Create a quick search field in USD


Some customers find it helpful to make search front and center in their Unified Service Desk implementations. Often this is implemented simply as a button on the main toolbar to display the CRM search page but this article illustrates another technique that utilizes a few components in USD and the open source, USD Component library, to display a conveniently accessible search capability right at the top left of USD.  Here is a picture of the final product...

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Create the Search Box

The first logical step to setting this up is to create the search box that accepts input from the user. While you could create a custom hosted control for this, if you are using the USD component library, you can do this without any specific custom code. So for this exercise, start by downloading and building the USD component library at the above link.

Once you have that compiled and either uploaded to the Customization Files section or installed in the application folder for Unified Service Desk, go ahead and configure the SearchBox hosted control as follows.

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In addition, once you save the control definition above, add 3 UII Actions to this control, ShowForm, ReadForm, and ClearData. These are all the UII Actions implemented by this control. We will use these later.

I will point out the Assembly Type, which is the USD Component Library's FormViewer control. This control takes as input a form configured in USD's Forms section.  So next, lets go ahead and setup the form.

Setup the Form

Go to Unified Service Desk admin section and click on Forms. Then click on New to add a new form. We will call this form, "SearchBox". The markup would be as follows...

<Border xmlns="http://schemas.microsoft.com/winfx/2006/xaml/presentation"
xmlns:x="http://schemas.microsoft.com/winfx/2006/xaml"
xmlns:USD="clr-namespace:Microsoft.Crm.UnifiedServiceDesk.Dynamics;assembly=Microsoft.Crm.UnifiedServiceDesk.Dynamics"
BorderThickness="0">
<Grid Width="350">
<Grid.Resources>
<USD:CRMImageConverter x:Key="CRMImageLoader" />
</Grid.Resources>
<Grid.ColumnDefinitions>
<ColumnDefinition Width="*" />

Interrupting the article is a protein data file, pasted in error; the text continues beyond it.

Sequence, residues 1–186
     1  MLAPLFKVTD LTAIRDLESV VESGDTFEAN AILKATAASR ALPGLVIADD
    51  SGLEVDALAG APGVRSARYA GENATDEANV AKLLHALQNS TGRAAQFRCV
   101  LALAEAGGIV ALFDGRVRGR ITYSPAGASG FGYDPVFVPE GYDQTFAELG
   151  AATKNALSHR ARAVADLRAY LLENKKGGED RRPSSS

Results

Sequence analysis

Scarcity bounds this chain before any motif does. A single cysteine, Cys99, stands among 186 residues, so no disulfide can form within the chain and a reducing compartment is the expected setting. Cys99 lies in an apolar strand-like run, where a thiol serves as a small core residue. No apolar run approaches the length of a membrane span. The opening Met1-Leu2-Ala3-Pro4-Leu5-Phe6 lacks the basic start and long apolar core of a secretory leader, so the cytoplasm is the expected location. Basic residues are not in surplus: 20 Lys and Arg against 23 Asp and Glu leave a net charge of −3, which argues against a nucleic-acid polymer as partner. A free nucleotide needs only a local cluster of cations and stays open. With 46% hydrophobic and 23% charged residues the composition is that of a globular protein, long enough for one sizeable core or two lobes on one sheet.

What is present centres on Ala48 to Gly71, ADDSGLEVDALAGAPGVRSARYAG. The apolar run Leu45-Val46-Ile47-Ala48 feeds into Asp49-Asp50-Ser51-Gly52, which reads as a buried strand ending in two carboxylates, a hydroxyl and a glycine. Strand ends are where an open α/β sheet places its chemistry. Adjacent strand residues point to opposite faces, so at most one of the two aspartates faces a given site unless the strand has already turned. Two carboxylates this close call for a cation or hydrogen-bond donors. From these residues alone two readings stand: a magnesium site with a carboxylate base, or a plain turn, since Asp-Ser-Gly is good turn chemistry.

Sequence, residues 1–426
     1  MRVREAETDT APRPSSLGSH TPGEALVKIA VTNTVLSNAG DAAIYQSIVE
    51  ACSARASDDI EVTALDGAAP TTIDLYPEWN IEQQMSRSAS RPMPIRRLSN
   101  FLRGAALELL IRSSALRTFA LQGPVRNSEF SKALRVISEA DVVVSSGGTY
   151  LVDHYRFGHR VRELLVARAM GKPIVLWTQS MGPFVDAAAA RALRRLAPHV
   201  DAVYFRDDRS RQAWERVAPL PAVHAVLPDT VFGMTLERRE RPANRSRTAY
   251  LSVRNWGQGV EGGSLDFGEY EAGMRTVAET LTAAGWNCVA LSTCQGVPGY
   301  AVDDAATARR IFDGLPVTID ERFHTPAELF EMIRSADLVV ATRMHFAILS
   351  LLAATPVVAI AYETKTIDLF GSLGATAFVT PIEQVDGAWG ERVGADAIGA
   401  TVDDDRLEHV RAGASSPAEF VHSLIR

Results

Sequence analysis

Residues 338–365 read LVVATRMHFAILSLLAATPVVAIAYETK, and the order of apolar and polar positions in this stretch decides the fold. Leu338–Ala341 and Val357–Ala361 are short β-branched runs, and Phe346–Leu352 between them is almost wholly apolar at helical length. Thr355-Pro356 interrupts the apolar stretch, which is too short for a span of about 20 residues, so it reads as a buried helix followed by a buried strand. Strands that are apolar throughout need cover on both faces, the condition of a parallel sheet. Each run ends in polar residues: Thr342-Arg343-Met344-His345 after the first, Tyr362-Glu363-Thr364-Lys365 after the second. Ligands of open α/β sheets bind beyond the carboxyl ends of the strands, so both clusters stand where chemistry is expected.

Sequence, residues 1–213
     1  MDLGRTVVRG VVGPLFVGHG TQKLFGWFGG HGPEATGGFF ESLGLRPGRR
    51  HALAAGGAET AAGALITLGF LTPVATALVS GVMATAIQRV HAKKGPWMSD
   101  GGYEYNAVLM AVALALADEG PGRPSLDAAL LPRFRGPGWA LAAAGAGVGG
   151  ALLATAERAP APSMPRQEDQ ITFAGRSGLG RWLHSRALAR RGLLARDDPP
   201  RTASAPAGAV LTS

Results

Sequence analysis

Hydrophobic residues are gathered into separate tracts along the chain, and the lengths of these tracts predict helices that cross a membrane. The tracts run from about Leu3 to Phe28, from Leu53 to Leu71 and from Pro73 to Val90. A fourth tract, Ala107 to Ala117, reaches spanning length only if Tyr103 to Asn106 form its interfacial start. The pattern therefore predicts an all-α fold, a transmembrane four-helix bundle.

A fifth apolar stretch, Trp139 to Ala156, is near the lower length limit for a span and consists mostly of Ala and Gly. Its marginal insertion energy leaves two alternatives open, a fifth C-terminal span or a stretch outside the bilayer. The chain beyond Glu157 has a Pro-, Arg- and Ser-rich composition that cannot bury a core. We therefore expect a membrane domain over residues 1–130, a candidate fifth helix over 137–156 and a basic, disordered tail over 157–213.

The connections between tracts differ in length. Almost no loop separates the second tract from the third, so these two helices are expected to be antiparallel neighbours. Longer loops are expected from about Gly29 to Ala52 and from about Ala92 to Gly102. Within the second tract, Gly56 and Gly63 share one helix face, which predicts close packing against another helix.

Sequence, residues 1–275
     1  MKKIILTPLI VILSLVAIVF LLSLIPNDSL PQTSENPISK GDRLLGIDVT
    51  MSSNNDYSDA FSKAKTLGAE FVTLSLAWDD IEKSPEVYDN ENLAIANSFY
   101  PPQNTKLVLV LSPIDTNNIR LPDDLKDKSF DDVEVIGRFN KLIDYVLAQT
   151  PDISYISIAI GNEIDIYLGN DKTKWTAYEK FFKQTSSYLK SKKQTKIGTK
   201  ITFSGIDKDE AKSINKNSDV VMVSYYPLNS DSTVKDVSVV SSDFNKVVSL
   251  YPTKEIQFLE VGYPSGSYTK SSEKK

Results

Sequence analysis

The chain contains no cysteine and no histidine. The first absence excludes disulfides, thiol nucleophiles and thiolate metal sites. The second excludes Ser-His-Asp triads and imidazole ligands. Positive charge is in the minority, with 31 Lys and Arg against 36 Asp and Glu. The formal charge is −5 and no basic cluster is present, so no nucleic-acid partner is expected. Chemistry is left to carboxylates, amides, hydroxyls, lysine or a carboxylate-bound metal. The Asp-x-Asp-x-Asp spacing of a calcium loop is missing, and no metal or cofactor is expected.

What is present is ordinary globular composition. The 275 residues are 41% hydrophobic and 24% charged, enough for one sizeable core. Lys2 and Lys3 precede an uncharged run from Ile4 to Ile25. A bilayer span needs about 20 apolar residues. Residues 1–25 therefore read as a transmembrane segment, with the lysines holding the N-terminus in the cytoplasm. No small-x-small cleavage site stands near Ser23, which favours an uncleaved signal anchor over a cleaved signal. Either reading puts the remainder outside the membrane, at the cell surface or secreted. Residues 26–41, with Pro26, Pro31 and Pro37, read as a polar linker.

<ColumnDefinition Width="auto" />
</Grid.ColumnDefinitions>
<TextBox Grid.Column="0" Margin="1" x:Name="SearchTxt" />
<Button Height="32" Width="32" Grid.Column="1" x:Name="DoSearch" IsDefault="True" Content="Go" />
</Grid>
</Border>

Show the Form on Startup

Now that we have a form defined and the control configured where we would like to display the form, we need to tie the two together. Since we would like to display the form when USD is started, we will add an action call to the DesktopReady event of CRM Global Manager.

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Now if you wish to try it out, when you start USD, the search box will show up in the top left corner. If you have your session explorer panel used by session overview control, you may want to modify your panel layout to accommodate the search box above here. In my setup, I simply eliminated the session overview as it was unnecessary in my case.

Handling the Search

Now that we have a search box and a search button, we want to wire it up. What we would like to have happen in this case is for the following steps to occur when the user hits enter or clicks the go button...

  1. USD to create a new session
  2. Read the text field from the search box
  3. open the search results in CRM and display the results

USD to create a new session

When the user clicks the Go button or hits enter in the search text box, an event is automatically fired in USD. you can use the USD debugger to see this event and it's name if you wish. We want to add action calls to this event. You should now create a new event with the name, DoSearch, because that is what we saw in the debugger, and Hosted Application, "SearchBox," since that is the hosted control that fires the event.